Posted 30 May 2002 - 10:08 PM
I agree with John Whiting on the perfection of the Tavern's front room. The flowers are incredible, especially the enormous garden table next to the bathrooms. I was thinking about rooms with no windows, and was about to type that the only such spaces are hole-in-the-wall-type restaurants. But does the main room at the Tavern have windows? I much prefer a bit of natural light. I enjoyed afternoon tea at Alice's Tea Cup recently, but the room is rather claustrophobic (all the tables are in the back of a basement space).
It's true, of course, that a beautiful room can do little to redeem poor food. Spring Street Natural Restaurant has an excellent room, windows on two sides, natural light, greenery, but the restaurant has nothing else to recommend it.
I've eaten once at Home on Cornelia, and thought the dining room seemed extremely narrow and cramped. We had delicious brunch outdoors in the garden, under a heat lamp, and enjoyed that very much.
One favorite of mine is very tiny and cramped; you're elbow to elbow with the other diners, who are sometimes pressed into service passing your food. But that's part of Pepe Rosso's appeal. The more spacious Pepe Giallo isn't as charming.
Posted 31 May 2002 - 02:37 AM
but of course, being thirteen around the table brought trouble later in the night when we tried to share the bill.
oh, there was this place in lyon. thought i had entered a whorehouse - but food was fine, really.
Posted 31 May 2002 - 08:08 AM
Sounds like three of the things that bother you in restaurants are the same ones that annoy me: dim light, lack of space and intrusive background music. Sometimes I don't know what restaurants are thinking.
i don't often eat out, and then mostly when in france. there they seem to concentrate on the food, more than on making you feel at home (which you aren't, anyway) by use of all kinds of effects: dim light, too little space, music (hate it) etc. actually one of the three best meals i've had was in a village at the coast of normandy. the host did seem a bit surprised that anyone had noticed his place, and showed us into a room that was brightly lit up by one powerful lightbulb hanging from the ceiling. all thirteen of us sat around one long table, the only one in the room. no music, of course. it took them one hour to prepare our meal(s), mostly seafood, but then it was very good (though of course not artistic), and it was served in a quiet and straightforward manner. it was nice to be able to see one's food as well as see and hear one's companions. that is often not the case in danish restaurants, and neither is it with my in-laws...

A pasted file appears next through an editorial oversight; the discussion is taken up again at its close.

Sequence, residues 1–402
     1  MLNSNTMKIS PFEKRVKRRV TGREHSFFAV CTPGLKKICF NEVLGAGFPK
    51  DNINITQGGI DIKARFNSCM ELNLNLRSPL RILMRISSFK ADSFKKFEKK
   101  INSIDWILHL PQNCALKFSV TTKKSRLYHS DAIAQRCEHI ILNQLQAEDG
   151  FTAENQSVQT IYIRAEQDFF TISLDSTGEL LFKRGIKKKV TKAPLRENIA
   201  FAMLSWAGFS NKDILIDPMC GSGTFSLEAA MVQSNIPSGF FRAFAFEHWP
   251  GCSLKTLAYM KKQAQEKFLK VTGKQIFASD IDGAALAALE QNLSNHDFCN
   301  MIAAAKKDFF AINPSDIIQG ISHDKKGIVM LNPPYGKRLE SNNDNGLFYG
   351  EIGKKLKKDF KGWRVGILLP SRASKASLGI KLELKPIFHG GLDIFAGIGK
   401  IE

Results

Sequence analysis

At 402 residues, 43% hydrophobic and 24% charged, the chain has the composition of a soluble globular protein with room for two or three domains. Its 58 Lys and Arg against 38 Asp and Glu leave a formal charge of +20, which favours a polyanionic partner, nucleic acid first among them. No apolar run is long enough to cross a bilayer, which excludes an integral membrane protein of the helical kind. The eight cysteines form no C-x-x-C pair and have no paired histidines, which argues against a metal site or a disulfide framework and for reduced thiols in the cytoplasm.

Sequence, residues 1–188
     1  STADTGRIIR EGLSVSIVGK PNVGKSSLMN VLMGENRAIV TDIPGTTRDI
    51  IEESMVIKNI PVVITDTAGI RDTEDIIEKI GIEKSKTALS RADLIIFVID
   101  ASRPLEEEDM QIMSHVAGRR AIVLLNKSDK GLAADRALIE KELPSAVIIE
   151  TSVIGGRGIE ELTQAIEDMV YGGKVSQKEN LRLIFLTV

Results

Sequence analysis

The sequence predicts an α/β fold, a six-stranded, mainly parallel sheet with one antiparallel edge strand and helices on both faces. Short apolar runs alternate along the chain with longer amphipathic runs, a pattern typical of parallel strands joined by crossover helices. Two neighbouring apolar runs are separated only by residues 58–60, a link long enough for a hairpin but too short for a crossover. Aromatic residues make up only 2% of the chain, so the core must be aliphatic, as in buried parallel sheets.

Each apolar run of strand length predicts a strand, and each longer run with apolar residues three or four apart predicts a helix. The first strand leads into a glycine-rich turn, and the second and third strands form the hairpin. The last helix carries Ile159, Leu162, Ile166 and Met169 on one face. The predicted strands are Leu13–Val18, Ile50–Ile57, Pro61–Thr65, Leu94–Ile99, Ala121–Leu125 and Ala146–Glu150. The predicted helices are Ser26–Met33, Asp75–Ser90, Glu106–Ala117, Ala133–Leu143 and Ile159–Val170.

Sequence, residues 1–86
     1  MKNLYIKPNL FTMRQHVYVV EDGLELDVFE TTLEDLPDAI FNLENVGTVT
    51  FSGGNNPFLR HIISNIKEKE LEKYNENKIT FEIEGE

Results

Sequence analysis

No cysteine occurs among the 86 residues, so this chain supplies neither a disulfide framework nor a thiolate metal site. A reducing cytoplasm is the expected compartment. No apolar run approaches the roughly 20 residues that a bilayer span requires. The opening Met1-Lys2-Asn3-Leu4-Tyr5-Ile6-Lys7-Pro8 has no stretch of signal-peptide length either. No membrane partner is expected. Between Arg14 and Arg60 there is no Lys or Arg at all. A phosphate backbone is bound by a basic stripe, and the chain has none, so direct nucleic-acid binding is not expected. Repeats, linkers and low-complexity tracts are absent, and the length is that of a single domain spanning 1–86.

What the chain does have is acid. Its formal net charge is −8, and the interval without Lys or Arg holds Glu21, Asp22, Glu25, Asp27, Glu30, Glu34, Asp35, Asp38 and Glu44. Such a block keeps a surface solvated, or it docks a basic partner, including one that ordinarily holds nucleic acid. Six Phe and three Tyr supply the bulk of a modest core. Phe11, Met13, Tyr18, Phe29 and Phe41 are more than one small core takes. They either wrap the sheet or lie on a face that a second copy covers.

I like round tables for large parties as it feels more intimate to me and it's easier to hear what everybody is talking about.
What have your favorite dining experiences been in the U.S.?
Posted 03 June 2002 - 04:01 AM
Posted 03 June 2002 - 05:05 AM
That doesn't make you boring!
i'm really so boring: never been outside europe
Oraklet, if you and your spouse ever decide to visit New York City, send me a private message and I will buy both of you you a Dr. Brown's cream soda and a nice deli sandwich from Katz's!
Posted 03 June 2002 - 06:47 AM
(and now i will have to find out what copenhagen has to offer in the same vein. nice place, but really on the outskirts of europe)
Posted 03 June 2002 - 07:01 AM
I love the "dining room" in my fav Irish B&B, Netterville Manor north of Dublin, near Slane--an old Victorian Manor Home with tall ceilings, exposed dark beams & white-washed rough plaster walls. A pot-belly stove in one corner. Mismatched ironstone plates & platters on the hearth. A long rough-hewn dining table with benches for all the guests [which included only the four in our party]. Our breakfast was probably very basic--eggs & toast--but memorable because of where it was eaten.